Qantas is talking down expectations of its transpacific routes between Australian and the United States re-opening anytime soon. The airline’s CEO said last week he couldn’t see flights resuming to the United States until a COVID-19 vaccine became available. Alan Joyce hopes this will be by the end of 2021. But, like so many things impacting aviation, the timeline for a COVID-19 vaccine remains up in the air.
A rich market for Qantas stays off the flight schedule
The Australian airline has built a lucrative business over the years flying to the United States. Usually, the flights zooming across to Los Angeles and other United States cities are highly profitable for Qantas.
Before COVID-19, Qantas sent its Boeing 787-9s and Airbus A380s to San Francisco, Los Angeles, Dallas Fort Worth, and New York. Flights to Chicago, now suspended, were slated to begin this year.
Prior to travel demand slumping, Australian Government statistics revealed that 233,595 passengers boarded nonstop flights on routes between Australian and the United States in January. Qantas, United Airlines, American Airlines, and Delta Air Lines all offer nonstop flights on the sector. Qantas flew 137,792 of those passengers, or 59% of the total number. That’s a tasty piece of business for any airline.
But Qantas grounded its international flying back in March. Aside from some repatriation flights and one-way flights across to California to retire or park planes, Qantas hasn’t flown across the Pacific since. Stalwart United Airlines has kept the route alive. Delta Air Lines has recently rejoined the transpacific fray.
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No US-bound flights until COVID vaccine, says Alan Joyce
According to the Qantas CEO, Alan Joyce, Qantas will not be resuming transpacific flying anytime soon. Mr Joyce does not expect Qantas to begin flying international sectors again until the middle of next year.
But he was even more cautious about flights resuming to the United States. Referring to the high levels of COVID-19 in the United States, Mr Joyce said last week,
“The United States, with its level of prevalence there, is probably going to take some time. It’s probably going to need a vaccine before we see that happening. But the news of the vaccine seems to get better every day.
“That could mean the United States is seen as a market by the end of 2021.”
Alan Joyce cited Qantas putting its fleet of Airbus A380s and 787-9 Dreamliners into long term storage as evidence of his timeline regarding international flights resuming.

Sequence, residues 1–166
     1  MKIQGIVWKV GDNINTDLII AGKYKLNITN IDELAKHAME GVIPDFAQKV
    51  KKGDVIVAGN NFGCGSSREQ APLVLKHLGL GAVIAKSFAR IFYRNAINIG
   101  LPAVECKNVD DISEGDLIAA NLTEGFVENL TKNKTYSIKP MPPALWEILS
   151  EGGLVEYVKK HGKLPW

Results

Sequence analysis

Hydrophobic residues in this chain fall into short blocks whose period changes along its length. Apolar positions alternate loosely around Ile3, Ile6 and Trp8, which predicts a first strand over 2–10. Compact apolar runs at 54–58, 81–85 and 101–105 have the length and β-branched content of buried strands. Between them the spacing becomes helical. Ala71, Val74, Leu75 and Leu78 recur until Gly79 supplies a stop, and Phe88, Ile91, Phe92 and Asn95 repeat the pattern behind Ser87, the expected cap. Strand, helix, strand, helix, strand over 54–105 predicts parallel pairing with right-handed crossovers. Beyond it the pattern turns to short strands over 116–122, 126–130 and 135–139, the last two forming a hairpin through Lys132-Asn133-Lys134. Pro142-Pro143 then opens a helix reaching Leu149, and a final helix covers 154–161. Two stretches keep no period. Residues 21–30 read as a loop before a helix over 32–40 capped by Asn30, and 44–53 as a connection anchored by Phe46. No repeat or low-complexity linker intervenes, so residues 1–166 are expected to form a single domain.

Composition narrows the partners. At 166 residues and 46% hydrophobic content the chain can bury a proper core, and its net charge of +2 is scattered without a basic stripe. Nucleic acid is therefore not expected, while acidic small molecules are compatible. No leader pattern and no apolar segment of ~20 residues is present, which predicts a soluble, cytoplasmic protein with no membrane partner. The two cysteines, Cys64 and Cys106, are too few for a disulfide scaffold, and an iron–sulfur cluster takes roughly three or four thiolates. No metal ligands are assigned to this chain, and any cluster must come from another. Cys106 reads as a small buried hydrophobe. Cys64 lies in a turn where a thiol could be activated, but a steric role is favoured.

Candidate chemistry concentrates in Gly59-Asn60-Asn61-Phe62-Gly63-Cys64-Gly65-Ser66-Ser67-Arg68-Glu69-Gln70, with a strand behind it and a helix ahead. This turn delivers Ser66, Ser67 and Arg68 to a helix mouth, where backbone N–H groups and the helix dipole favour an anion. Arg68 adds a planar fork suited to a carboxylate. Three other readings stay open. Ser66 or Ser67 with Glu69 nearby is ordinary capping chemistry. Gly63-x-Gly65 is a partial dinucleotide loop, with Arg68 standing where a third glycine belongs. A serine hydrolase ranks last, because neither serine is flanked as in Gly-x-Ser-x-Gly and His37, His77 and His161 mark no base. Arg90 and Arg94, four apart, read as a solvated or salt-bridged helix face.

“We believe that the earliest we are going to see international borders opening up is the middle of next year.”
Qantas turns to local flying for the next 12 months
Meanwhile, all is not lost for Qantas. The airline will focus on its home turf until international borders re-open. While flying around Australia remains problematic, Mr Joyce is enthused about the pent up demand and the potential rivers of revenue that offers.
He pointed to the intrastate Brisbane – Cairns route, usually an afterthought in Qantas’ broader world view. But that route is the number one route in the Qantas network now, with 59 return services a week. Mr Joyce proudly highlights the route like it was an underwhelming child that’s unexpectedly come good.
Mr Joyce said that route and other intrastate routes like it were busier now than they were before COVID-19.
“Domestically, there are a lot of opportunities for Qantas,” Mr Joyce said last week.
“It’s given us a real confidence.”
The airline boss has effectively closed the door on international flying for the next 12 months while he focuses on domestic flying. Local flying, rather than flights across to the United States, is where Alan Joyce sees Qantas’ immediate future.
“It (domestic flying) has always been the number one profit driver for Qantas, and once that gets re-established again, it will be a big positive for Qantas.
“We can live with international on the ground for some time if that’s the consequence.”